SNP activists are "biased" against people from ethnic minorities becoming party candidates, a former ally of Nicola Sturgeon has claimed.
Muhammad Shoaib, who last week quit the SNP for Labour, said SNP activists only wanted "coconut Pakistanis, not pure Pakistanis", meaning those who seemed "white inside".
He said the grassroots prejudice he faced when he tried unsuccessfully to become the SNP Westminster candidate for Glasgow Central earlier this year was "a factor" in his defection.
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The SNP last night condemned the remarks as "utterly outrageous" and demanded Scottish Labour leader Jim Murphy take disciplinary action against Shoaib.
Shoaib, who joined the SNP in 2007 after almost twenty years in Labour, was a long-time ally of Sturgeon, and campaigned for in the Glasgow Southside constituency.
When he revealed his plan to return to Labour, it is understood the First Minister urged him to change his mind, as did SNP minister Humza Yousaf.
However Shoaib, 62, an immigration adviser in Glasgow and former organiser of Scots Asians for Independence, switched to Labour regardless.
He told the Sunday Herald: "The leadership of the SNP were fine with me, but as for the grassroots workers, there's a huge barrier between ethnic minorities and Scottish Nationalist activists. You ask anybody in the party."
The SNP has one ethnic minority MSP, Yousaf, and one Westminster candidate, Tasmina Ahmed Sheikh in Ochil and South Perthshire.
But Shoaib said both were exceptions to the rule, and cited the recent blocking of two Asian councillors in North Lanarkshire who tried to become SNP Westminster candidates.
"There is no acknowledgement, there is no interaction with ethnic minorities. It's a huge divide.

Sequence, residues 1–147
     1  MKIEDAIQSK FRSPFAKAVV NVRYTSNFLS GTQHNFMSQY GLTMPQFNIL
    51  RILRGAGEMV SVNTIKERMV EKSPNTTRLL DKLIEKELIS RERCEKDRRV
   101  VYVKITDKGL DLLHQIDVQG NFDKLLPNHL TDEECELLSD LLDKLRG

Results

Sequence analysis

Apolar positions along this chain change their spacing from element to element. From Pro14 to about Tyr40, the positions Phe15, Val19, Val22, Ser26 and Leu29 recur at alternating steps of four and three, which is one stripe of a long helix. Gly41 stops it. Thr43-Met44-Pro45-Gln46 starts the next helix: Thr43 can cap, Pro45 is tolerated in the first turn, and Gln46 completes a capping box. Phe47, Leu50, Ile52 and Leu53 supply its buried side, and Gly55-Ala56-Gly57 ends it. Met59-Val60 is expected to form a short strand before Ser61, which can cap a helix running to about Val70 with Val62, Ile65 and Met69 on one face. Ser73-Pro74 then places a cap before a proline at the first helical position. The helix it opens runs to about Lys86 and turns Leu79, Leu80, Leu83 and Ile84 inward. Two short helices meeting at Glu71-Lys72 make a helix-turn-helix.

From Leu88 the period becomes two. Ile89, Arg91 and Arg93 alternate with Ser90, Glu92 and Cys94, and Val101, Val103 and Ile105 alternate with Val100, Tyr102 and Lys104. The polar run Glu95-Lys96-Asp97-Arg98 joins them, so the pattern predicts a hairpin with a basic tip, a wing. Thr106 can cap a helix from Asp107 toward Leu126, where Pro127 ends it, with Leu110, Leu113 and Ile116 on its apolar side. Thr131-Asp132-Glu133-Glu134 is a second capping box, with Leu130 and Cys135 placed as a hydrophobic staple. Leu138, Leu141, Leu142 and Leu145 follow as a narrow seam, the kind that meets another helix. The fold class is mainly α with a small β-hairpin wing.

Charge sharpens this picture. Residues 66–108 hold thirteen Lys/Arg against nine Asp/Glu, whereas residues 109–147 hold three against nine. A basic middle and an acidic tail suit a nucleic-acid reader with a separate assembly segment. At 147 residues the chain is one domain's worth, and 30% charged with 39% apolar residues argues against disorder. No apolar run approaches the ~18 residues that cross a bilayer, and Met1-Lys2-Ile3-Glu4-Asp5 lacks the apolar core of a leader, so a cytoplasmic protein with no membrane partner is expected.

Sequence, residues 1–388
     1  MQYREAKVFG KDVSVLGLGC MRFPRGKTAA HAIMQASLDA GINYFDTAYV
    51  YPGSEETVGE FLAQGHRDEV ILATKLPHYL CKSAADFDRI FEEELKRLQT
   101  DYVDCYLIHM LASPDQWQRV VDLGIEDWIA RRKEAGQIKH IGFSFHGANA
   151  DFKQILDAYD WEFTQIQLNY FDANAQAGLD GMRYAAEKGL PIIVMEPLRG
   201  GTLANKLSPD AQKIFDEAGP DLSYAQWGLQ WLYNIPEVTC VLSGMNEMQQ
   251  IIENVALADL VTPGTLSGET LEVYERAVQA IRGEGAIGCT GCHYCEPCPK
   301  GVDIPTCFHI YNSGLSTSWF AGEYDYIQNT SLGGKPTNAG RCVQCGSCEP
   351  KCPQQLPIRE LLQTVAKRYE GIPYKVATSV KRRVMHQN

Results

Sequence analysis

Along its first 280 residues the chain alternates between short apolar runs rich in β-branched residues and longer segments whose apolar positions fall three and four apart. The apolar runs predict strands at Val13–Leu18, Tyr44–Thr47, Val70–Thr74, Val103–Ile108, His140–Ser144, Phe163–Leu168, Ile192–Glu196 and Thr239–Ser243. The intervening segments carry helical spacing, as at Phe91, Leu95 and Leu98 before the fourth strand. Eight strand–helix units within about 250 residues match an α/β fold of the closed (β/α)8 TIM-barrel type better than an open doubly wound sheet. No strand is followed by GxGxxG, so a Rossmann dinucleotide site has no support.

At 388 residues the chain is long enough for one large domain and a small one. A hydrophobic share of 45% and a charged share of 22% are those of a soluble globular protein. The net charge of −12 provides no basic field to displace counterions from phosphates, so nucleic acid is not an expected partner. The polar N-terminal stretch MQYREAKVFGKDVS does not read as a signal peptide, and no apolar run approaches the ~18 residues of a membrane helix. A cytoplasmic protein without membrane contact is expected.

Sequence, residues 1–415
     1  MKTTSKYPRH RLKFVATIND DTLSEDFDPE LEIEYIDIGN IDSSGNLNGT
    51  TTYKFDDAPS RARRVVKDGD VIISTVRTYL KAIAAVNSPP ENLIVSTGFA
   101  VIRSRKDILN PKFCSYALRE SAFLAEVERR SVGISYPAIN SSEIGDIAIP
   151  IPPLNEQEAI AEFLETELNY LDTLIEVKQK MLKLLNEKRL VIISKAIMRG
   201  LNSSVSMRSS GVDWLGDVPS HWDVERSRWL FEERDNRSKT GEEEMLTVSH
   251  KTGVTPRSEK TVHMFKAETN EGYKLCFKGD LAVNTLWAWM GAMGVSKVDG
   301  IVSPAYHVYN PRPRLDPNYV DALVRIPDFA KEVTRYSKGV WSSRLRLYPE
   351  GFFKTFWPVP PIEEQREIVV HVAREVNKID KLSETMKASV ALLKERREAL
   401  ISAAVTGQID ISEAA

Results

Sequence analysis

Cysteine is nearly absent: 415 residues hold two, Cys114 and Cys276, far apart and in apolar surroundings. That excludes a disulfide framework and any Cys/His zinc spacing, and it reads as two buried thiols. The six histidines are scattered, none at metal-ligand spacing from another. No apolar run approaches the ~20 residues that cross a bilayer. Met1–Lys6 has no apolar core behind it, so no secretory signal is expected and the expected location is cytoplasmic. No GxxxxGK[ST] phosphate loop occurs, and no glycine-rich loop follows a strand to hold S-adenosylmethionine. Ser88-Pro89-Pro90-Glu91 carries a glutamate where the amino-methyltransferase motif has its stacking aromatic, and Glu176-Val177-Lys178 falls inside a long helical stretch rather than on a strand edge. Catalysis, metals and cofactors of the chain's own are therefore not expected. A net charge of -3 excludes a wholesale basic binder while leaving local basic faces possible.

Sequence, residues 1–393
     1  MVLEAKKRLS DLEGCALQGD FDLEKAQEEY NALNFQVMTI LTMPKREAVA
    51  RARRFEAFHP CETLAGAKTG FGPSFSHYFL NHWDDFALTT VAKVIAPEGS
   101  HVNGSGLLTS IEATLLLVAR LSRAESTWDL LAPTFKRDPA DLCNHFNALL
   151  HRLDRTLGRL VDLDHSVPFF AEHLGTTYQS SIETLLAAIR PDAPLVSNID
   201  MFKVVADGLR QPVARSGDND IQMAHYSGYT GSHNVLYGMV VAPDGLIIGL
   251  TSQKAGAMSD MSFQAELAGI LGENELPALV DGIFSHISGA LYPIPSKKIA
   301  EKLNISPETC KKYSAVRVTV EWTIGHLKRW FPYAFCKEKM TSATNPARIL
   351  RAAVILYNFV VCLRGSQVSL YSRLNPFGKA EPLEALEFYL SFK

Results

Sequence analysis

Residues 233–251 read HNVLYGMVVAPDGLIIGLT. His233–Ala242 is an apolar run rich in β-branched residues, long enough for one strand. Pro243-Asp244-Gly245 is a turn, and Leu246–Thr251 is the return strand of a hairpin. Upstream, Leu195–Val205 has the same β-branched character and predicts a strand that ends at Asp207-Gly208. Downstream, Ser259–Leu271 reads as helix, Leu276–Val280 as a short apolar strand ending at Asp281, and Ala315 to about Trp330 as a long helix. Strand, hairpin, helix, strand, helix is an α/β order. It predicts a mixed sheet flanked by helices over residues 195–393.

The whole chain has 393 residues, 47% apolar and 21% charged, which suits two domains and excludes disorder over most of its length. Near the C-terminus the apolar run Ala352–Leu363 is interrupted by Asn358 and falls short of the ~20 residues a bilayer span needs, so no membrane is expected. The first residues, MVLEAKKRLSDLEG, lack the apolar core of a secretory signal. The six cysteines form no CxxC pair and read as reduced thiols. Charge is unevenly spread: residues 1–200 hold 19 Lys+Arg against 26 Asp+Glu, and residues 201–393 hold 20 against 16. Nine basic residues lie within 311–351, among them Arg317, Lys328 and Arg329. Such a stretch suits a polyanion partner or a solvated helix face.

"We knew that, apart from Tasmina, nobody else was going to succeed in the SNP. I told everybody long before the process started they wanted coconut Pakistanis, they don't want pure Pakistanis."
Asked if there was tokenism in the SNP, he said: "Yes. It's very very clear. She [Ahmed Sheikh] succeeded because she formed a very close relationship with Alex Salmond, otherwise she couldn't have succeeded.
"I think people are biased against ethnic minorities. I was in Labour 19 years. I did not face that sort of reception. I realised when I started phoning people [for the Glasgow Central selection] and five times they asked your name. You know, 'What is your name? Muhammad Shoaib. Is that your name? Yes, that's my name'. I felt gutted and after two days of phoning I stopped.
"In the leadership there's no racism, no bias. But on the grassroots level there is a problem."
However he said the flood of new SNP members should change attitudes for the better.
"I think in one or two years' time things will be a lot better than they are now."
Responding for the SNP, Yousaf said: ""These comments from Muhammad Shoaib are utterly outrageous. It is nothing short of racism to call Tasmina a 'coconut' simply because she has one white parent and one Asian parent. To then say she is not 'pure Pakistani' is beyond the pale.
"Jim Murphy must take disciplinary action immediately. These kind of comments have no place in our political discourse. Everyone who has any involvement with the SNP knows it to be an entirely inclusive and welcoming party, where people are selected as candidates on the basis of their ability, regardless of their background.
"Muhammad Shoaib has returned to the Labour Party, having failed to be selected as an SNP candidate through an open and upfront process - sadly, his sour grapes know no bounds."
A Labour spokesman said: "Mr Shoaib is reflecting his own experience of trying to win selection as an SNP candidate. He also maintains that his experience is not unique amongst other Black and Ethnic Minority members of the SNP."